Irish emigrants are impoverished, poor and without hope

June 10, 1989.

June 10, 1989.

A depressing picture of fear, poverty and homelessness which afflict some young Irish emigrants to Britain is revealed in a report launched this week.

Many arrive in Britain with a willingness to work hard and start a successful new way of life, says Fr Jim Kiely, director of the Irish Support and Advice Centre in Hammersmith, West London.

But all too often they end up struggling to support themselves and their family in Ireland. And, warns Fr Kiely, there is a real danger that “some are sinking into the abyss of crime, prostitution and homelessness”.

The centre’s annual report makes several recommendations:

Funds from the Irish State Lottery should be used to increase Ireland’s contribution to the welfare of its emigrants.

An emergency safe start fund should be set up to cater for the needs of the most vulnerable of the newly arrived immigrants.

The Irish abroad should be given a vote in the Irish elections, or, alternatively, the Irish Government should appoint a special minister with responsibilty for the country’s emigrants.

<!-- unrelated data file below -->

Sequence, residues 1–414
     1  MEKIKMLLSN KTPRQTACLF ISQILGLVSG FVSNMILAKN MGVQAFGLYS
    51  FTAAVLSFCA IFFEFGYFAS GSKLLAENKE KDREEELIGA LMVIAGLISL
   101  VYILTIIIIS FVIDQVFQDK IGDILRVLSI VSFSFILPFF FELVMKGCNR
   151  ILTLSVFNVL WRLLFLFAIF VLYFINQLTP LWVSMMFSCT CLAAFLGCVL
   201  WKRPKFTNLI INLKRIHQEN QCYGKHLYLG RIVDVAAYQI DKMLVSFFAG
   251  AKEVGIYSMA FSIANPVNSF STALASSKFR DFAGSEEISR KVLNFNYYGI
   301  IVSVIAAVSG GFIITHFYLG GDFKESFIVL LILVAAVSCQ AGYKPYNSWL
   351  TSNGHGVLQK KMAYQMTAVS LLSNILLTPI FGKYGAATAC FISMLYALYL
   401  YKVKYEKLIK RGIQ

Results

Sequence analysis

The report looks at the work of the centre over the last year. Referrals were up 15 percent, teenagers under 18, 60 percent.

“Our resources are limited, and yet there is a vital need to help these people, particularly the teenagers who arrive in London, some as young as fourteen. From my experience, where they stay and who they meet initially, is of immense importance. In fact, it is crucial in determining their whole future.

“The sad reality is that for some, we have a potentially tragic situation on our hands,” said centre director, Fr Kiely.